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Dr. Michael Leung Dr. Michael Leung

A ‘Fast’ Fix for Better Health

“I don’t think intermittent fasting is a fad because, honestly, this is one of the best things I’ve done for myself health-wise in the last 20 years.” – Dr. Michael Leung

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Michael Leung, MD, FACOG: Gynecology, OB/GYN. Pearland Clinic, Rice Village Clinic

June 2024

When his father passed away, it sparked a need in Dr. Leung to evaluate his own health. Even though he’s a self-proclaimed health nut, he knew he could do more to help ensure longevity. He felt as if the universe was trying to tell him something when it seemed that he was hearing about intermittent fasting everywhere he turned. Now, even healthier than he was before, he believes combining clean eating and intermittent fasting is a game changer.

You were already living a healthy lifestyle. What made you take a closer look at your diet?

My dad passed away last year, and he had health issues that run in my family. It seems cliché, but when something like that happens, it makes you re-evaluate what you’re doing and where you are. Yes, I had always tried to eat healthy and eat clean, but I found that I was plateauing, maybe even gaining a few pounds here and there. We all get older, and our metabolism slows.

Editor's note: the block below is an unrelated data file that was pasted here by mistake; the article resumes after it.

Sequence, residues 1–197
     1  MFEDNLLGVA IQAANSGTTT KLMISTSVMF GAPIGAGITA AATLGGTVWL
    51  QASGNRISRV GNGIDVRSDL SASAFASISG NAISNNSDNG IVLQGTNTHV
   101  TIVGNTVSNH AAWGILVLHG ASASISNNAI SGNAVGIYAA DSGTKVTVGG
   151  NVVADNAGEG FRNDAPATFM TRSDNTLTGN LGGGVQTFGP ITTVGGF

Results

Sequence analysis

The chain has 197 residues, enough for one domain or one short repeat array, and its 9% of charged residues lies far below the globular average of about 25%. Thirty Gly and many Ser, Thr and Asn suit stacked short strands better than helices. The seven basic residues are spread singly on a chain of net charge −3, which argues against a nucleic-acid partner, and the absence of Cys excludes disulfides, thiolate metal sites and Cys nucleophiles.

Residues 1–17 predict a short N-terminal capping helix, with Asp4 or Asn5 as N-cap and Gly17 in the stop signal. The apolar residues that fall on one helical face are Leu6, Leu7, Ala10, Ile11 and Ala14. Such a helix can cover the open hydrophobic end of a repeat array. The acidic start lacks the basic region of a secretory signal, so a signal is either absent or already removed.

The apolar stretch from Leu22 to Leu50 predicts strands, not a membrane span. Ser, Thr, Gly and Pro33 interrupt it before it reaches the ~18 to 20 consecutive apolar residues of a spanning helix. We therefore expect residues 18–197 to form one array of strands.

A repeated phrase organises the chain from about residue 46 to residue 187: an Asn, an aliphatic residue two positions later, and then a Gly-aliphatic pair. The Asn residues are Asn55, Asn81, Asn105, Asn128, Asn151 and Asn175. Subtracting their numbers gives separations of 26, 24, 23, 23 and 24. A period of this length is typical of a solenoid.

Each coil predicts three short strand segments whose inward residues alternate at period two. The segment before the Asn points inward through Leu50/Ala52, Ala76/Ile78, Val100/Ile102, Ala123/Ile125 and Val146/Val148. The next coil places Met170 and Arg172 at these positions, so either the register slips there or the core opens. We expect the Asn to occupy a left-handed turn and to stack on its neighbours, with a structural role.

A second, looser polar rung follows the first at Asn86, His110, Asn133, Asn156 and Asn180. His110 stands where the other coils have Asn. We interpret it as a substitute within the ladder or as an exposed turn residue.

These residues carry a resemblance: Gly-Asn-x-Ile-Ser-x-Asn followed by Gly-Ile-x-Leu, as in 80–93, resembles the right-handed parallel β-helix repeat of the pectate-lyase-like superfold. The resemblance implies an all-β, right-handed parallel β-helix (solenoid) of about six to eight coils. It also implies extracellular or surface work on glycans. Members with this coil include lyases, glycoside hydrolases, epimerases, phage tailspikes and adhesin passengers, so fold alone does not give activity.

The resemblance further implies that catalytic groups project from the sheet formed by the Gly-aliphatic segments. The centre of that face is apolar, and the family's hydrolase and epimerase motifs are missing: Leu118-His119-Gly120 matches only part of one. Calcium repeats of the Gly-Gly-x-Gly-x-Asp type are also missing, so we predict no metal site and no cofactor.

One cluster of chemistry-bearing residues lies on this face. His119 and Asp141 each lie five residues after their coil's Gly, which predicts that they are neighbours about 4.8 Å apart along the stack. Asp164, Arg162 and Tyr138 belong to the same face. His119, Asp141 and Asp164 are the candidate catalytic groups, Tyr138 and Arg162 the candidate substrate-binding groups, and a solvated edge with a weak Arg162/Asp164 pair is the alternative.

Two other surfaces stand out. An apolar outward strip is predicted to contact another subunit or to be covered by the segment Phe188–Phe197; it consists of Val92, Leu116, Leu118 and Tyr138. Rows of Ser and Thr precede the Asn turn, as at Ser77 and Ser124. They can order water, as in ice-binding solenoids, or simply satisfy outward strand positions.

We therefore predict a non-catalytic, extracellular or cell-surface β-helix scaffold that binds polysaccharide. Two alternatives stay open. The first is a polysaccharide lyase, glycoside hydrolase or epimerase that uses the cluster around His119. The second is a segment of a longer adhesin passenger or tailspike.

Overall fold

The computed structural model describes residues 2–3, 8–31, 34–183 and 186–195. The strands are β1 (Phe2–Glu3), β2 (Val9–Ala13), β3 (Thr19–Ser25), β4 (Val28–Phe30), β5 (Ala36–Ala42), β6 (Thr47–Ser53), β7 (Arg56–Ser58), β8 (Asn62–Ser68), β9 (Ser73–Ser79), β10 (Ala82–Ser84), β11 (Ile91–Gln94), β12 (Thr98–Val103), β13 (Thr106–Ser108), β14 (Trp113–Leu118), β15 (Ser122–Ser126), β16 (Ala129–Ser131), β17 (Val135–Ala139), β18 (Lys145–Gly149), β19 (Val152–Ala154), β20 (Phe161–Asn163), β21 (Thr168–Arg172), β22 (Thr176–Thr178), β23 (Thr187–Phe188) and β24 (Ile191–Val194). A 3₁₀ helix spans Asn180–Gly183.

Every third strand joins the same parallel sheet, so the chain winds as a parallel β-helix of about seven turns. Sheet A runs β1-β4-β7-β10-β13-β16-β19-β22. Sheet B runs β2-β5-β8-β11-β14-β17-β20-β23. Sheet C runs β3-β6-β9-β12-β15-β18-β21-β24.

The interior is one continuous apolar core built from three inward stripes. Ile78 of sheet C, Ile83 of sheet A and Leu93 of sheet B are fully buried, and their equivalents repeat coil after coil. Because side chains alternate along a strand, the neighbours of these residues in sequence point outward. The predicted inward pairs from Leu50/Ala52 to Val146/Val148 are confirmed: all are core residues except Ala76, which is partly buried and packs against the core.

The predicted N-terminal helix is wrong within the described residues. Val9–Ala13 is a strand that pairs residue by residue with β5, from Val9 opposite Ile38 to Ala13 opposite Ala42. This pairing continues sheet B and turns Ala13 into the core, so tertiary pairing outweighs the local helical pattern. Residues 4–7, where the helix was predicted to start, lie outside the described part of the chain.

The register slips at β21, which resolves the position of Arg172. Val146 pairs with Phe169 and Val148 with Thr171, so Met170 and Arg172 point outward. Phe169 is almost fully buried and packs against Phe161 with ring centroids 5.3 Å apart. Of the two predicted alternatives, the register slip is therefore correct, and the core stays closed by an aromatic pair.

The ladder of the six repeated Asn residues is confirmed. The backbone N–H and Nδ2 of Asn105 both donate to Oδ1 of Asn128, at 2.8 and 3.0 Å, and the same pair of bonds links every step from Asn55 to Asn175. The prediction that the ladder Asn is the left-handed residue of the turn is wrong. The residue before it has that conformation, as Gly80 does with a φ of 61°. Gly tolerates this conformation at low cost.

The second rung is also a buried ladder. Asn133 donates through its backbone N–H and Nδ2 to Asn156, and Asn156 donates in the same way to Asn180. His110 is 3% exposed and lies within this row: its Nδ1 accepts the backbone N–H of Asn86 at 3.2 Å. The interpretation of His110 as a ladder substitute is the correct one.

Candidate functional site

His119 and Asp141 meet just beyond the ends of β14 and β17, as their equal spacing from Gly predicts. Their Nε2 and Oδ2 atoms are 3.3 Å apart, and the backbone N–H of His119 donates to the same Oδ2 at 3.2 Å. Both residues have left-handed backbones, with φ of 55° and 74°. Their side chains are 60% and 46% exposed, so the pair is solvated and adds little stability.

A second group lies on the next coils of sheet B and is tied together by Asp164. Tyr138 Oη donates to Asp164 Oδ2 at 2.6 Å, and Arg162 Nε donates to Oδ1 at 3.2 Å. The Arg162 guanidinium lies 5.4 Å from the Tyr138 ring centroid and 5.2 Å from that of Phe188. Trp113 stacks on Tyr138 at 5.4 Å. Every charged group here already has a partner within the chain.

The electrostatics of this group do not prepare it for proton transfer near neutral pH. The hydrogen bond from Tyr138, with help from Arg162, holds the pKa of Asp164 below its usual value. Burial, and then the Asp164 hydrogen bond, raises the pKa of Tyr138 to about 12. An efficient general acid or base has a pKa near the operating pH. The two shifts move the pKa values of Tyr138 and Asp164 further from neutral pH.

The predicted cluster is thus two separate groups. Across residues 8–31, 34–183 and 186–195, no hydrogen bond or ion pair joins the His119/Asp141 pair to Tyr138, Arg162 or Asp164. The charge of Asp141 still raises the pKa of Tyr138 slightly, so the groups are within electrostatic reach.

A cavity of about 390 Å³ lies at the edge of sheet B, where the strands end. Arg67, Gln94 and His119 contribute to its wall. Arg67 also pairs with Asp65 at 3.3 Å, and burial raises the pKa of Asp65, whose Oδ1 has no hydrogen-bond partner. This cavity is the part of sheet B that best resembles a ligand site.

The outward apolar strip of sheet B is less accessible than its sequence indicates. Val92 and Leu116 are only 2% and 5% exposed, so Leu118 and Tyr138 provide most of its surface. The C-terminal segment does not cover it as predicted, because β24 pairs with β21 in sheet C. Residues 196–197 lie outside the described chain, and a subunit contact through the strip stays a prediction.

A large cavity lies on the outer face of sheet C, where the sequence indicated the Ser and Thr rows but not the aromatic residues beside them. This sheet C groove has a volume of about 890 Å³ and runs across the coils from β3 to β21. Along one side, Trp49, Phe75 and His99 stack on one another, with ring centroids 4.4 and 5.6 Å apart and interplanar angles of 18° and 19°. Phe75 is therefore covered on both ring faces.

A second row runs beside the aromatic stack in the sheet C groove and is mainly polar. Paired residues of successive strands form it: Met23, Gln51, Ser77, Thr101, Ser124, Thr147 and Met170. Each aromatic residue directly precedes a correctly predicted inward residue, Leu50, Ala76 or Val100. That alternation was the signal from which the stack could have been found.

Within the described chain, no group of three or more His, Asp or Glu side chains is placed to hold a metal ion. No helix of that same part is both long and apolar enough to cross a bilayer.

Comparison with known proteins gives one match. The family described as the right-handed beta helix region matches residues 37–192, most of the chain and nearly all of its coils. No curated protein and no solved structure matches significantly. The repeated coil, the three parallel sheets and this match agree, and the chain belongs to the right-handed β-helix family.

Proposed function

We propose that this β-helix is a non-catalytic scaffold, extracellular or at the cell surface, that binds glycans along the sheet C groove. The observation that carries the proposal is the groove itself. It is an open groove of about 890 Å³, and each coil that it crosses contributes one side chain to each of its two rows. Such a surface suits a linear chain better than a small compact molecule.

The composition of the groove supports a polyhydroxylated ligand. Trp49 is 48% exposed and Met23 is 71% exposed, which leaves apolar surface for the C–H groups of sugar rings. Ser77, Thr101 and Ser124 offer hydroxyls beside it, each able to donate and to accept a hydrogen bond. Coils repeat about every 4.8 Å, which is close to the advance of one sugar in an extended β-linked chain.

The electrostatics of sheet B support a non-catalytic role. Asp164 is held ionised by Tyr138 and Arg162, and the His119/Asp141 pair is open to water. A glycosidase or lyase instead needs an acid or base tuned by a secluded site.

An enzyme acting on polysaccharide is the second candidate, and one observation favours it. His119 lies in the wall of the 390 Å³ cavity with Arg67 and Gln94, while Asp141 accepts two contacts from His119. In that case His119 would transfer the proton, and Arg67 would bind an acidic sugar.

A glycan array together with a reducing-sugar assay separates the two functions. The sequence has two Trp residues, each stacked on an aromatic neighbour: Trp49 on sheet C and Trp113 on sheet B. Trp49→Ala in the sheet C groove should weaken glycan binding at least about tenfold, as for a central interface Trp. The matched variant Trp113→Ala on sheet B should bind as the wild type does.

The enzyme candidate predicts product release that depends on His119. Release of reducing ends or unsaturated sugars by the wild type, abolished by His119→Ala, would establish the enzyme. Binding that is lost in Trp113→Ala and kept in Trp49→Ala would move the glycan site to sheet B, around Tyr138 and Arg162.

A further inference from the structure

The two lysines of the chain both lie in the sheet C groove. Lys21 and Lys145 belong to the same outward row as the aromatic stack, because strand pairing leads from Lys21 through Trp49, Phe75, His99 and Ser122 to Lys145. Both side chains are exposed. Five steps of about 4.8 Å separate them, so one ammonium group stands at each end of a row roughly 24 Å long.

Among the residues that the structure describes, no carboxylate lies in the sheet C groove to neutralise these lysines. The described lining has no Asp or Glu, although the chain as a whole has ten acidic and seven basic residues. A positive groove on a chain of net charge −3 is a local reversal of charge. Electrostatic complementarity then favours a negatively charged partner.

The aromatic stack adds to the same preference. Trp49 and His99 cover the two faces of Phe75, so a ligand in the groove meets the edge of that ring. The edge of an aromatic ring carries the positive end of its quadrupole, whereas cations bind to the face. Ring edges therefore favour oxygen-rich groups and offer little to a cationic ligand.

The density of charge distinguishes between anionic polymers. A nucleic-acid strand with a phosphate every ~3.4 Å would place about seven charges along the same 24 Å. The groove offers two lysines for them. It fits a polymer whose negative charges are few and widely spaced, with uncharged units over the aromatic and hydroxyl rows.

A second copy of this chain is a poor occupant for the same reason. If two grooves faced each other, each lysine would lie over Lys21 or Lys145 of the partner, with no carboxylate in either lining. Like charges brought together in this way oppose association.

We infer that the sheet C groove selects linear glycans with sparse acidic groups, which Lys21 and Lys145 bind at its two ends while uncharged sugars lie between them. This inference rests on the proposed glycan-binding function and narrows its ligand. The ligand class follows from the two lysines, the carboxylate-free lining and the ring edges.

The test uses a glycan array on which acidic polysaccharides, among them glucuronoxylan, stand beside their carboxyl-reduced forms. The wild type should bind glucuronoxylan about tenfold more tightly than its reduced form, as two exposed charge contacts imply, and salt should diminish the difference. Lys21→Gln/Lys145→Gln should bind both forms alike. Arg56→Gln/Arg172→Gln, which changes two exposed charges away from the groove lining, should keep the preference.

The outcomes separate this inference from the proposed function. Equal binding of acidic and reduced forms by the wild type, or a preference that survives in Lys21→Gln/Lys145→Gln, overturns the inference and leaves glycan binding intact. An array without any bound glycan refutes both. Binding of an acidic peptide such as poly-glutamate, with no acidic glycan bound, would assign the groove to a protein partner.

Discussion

Why did you decide to try intermittent fasting?

I saw in the Wellness Heroes calendar last year that Dr. Desiree Thomas had been intermittent fasting. Then, I heard some guy on the radio talking about it. Then I bumped into our clinic administrator and found out he’d been doing it. And then this guy on the radio is talking about a book called ‘Life in the Fasting Lane’ by Dr. Jason Fung. ‘I think the universe is trying to tell me something,’ I thought. So, I downloaded Dr. Fung’s audio book right before the holidays and decided to give it a try.

So, what does intermittent fasting look like for you?

I typically eat my first meal, lunch, at around 1:00 and then stop eating around 8:00. On the weekends, or every other weekend, I’ll skip breakfast and lunch and just sip on some mint tea until dinner. But I just try to discipline myself mainly during the work week. When I do eat, I try to eat clean most of the time. But some weekends I also let myself eat whatever. I mean, life is hard, right? You can’t be a robot. You have to let yourself enjoy things. If I let myself go at dinner, for example, and have as many fries as I want, the next day maybe I’ll skip breakfast and lunch and I’ll eat cleaner. If you feast, you should then fast.

What changes have you seen in yourself since you started intermittent fasting?

The first couple of weeks, my weight didn’t budge. Then, between four and six weeks, it was like, ‘Holy smokes!’ It really started to make a dramatic difference. I’ve lost around 15 pounds, which is crazy because I thought I was pretty healthy. I thought I looked pretty good. But I feel better. It’s tough at first. But after maybe three weeks or so, there’s this mental clarity. I feel like I’m in a better mood and my wife agrees. Also, my blood pressure has always been borderline and it’s normal now.